The Russia-linked Gamaredon hacking group attempted to compromise an unnamed Western government entity operating in Ukraine last month amidst ongoing geopolitical tensions between the two countries.
Palo Alto Networks’ Unit 42 threat intelligence team, in a new report publicized on February 3, said that the phishing attack took place on January 19, adding it “mapped out three large clusters of their infrastructure used to support different phishing and malware purposes. “
Since 2013., the threat actor also called Shuckworm or Armageddon and Primitive Bear has historically targeted its cyberattacks against Ukrainian officials and organisations. Last year, Ukraine disclosed the collective’s ties to Russia’s Federal Security Service (FSB).
To carry out their phishing attack the attackers used a country-based job search platform and employment portal to upload the malware. The resume was a listing for active jobs related to the target entity.
“Given all the details and the precision of delivery, this could have been an intentional attempt by Gamaredon, to undermine this Western government agency,” researchers said.
Additionally, Unit 42 uncovered evidence of a Gamaredon campaign targeting the State Migration Service (SMS) of Ukraine on December 1, 2021, which used a Word document as a lure to install the open-source UltraVNC virtual network computing (VNC) software for maintaining remote access to infected computers.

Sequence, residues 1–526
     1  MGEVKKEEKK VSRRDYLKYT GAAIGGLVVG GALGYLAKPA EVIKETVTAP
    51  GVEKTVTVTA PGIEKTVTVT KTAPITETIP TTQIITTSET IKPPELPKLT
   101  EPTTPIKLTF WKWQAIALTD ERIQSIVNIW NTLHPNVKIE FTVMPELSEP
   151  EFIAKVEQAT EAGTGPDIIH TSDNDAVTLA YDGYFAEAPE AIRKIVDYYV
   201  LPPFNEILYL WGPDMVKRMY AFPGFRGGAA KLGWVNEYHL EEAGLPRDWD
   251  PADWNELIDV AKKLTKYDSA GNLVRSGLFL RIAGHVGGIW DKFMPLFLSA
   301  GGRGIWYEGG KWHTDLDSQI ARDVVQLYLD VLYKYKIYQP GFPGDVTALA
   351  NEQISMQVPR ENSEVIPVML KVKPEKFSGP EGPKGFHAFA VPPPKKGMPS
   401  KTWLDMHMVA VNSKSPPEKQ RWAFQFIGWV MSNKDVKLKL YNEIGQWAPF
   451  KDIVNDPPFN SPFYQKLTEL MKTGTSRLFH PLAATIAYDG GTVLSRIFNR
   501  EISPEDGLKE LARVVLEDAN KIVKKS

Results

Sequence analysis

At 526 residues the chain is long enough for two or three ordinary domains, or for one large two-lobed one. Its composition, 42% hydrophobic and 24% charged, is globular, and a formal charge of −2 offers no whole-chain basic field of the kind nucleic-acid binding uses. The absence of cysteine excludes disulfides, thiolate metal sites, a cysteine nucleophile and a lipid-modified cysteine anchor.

Researchers found that
“Gamaredon actors take an unusual approach to maintaining and building their infrastructure.” “Most actors choose to discard domains after their use in a cyber campaign in order to distance themselves from any possible attribution. Gamaredon is different in their approach. They seem to reuse domains through the consistent rotation of them over new infrastructure. “
Taken together, the attack infrastructure spans across no fewer than 700 rogue domains, 215 IP addresses, and over 100 samples of malware, with the clusters used to host weaponized documents that are engineered to execute malicious code when opened and serve as command-and-control servers for its Pterodo (aka Pteranodon) remote access trojan.
The findings are less than a week following the disclosures by Broadcom-owned Symantec about another attack that was orchestrated between July and August 2021 against an unidentified Ukrainian organisation to use the Pterodo RAT in post-exploitation activities.